Thursday, 26 February 2015

Sculling in Brittany Back in the Day

I love the hats in this picture of Breton fishermen's wives in a sculling race. No date, but evidently in the good old days or possibly way back when. 
Fearlessly pinched from Roger Barnes's Facebook feed.

Sunday, 22 February 2015

Boats in Glass

I have been photographing Sussex churches for years for Fishbourne Parish Magazine and the Looking at Sussex Churches blog, and if I spot a boat I snap it. Here is a slide show of all the ones I can remember.

Monday, 16 February 2015

Stand-Up Dory

Whitehall Rowing and Sail has launched an interesting new boat, the Stand-Up Dory or SUD. Just under 14ft long and 3ft 2in beam at the waterline, she is designed to be paddled but can also be rowed using a drop-in sliding seat unit with outriggers or, even more to my taste, a drop-in fixed seat unit with outriggers.
Readers with long memories may recall that I am restoring my grandmother's fishing boat with a view to propelling it along England's canals and rivers with a stand-up paddle.
Little Snarley is a Hampshire punt measuring 11ft 6in by 3ft 6in beam, so she is a good bit shorter and a tad wider than the SUD, but I think that the dimensions are about right. Unfortunately she is MUCH heavier - the SUD is 90lb at around 140lb for Snarley if my bathroom scales are to be believed (and you should see the lies it tells about my weight). Of course, Snarley is a symphony of old-growth mahogany and the SUD is foam-filled composite fibreglass so yer takes yer choice.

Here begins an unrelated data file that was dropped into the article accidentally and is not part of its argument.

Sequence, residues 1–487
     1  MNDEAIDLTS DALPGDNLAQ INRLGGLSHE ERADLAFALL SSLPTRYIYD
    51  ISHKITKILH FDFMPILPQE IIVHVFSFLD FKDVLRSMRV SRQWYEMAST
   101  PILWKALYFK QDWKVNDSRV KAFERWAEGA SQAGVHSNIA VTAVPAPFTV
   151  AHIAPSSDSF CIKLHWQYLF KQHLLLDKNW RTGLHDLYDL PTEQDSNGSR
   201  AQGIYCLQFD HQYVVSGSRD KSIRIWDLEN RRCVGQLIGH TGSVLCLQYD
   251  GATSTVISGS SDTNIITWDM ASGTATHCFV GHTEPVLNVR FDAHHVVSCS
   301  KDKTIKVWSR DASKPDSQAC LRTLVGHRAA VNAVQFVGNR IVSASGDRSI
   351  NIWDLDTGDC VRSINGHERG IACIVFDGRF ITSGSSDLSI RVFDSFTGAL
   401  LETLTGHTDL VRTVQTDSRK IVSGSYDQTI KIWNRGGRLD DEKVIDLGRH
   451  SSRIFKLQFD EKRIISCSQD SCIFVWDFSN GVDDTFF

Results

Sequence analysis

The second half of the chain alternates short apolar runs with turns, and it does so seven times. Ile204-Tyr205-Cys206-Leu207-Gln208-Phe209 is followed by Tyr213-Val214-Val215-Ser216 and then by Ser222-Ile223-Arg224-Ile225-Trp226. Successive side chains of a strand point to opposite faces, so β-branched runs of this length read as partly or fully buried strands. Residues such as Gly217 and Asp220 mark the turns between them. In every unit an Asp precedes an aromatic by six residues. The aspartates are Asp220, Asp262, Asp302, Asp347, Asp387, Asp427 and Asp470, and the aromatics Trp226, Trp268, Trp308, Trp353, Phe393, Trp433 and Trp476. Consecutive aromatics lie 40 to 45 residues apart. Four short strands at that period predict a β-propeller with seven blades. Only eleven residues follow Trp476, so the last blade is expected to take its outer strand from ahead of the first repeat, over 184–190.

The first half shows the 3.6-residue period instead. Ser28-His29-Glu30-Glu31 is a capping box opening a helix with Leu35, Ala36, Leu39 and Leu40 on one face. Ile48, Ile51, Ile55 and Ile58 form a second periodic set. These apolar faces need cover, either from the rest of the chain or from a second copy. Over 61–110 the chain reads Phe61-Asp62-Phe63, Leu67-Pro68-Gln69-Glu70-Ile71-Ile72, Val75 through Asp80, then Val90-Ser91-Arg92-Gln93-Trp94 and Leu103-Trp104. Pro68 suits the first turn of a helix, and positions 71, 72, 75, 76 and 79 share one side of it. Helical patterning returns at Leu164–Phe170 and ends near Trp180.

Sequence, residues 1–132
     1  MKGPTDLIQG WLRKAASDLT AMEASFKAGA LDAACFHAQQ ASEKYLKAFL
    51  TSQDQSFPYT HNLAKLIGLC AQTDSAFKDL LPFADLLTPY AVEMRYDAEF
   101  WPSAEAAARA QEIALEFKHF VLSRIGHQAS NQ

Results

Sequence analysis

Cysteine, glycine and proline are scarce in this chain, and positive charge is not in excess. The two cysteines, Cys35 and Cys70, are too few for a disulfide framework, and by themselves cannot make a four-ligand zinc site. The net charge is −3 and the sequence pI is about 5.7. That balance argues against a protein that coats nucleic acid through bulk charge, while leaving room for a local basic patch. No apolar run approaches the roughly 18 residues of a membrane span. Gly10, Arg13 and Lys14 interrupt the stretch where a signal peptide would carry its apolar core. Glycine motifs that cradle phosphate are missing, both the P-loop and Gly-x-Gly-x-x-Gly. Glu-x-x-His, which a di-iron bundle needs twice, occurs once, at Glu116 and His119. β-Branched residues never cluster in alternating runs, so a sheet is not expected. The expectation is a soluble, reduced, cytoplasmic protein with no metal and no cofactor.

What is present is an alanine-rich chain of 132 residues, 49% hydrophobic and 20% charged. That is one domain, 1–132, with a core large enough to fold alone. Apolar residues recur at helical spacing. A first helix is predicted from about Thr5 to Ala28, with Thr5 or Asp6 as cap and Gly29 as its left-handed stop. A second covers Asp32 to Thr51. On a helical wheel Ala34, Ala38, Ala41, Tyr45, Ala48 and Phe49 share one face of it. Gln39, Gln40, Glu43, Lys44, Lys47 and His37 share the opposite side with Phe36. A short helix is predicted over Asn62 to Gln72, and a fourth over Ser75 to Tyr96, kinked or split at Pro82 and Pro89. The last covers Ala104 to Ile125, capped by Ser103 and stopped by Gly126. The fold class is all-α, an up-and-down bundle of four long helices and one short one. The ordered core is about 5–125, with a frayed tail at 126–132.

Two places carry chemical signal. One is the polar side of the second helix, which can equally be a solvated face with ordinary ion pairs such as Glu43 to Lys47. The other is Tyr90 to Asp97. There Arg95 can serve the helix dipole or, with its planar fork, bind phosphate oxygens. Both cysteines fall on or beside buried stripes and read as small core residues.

Saturday, 14 February 2015

A Cornish gig...from Whitby?

An interesting new take on the Cornish pilot gig is under construction the the Lake District by Fyne Boat Kits.
The boat was commissioned by the Whitby Friendship Amateur Rowing Club, which explains the confusing name - Cornish Whitby Gig.
The new boat was designed by John Harris and Jay Hockenberry of Fyne's American associates Chesapeake Light Craft, using their LapStitch system to lock the planks together for a light, strong construction.
The shape is exactly the same as a Cornish pilot gig and she uses thole pins, but the seating is novel. Each rower sits on a fore-and-aft plank with the feet in fixed stretchers so they adjust their bums rather than their feet. John Harris has used this principle before in his Team Dory but I have never got a chance to try it. It looks as if it might give a better swing on the oar - I wonder how it works in practice?
It is a bit obscure why Friendship want such a boat. They have their own lovely, traditionally built four-oared gigs which are very fast as demonstrated in the Great River Race every year. They won't be able to enter official Cornish gig regattas in it as it doesn't comply with CGRA rules. And I doubt if it will be much cheaper than a grp gig.
It will sure look nice, though.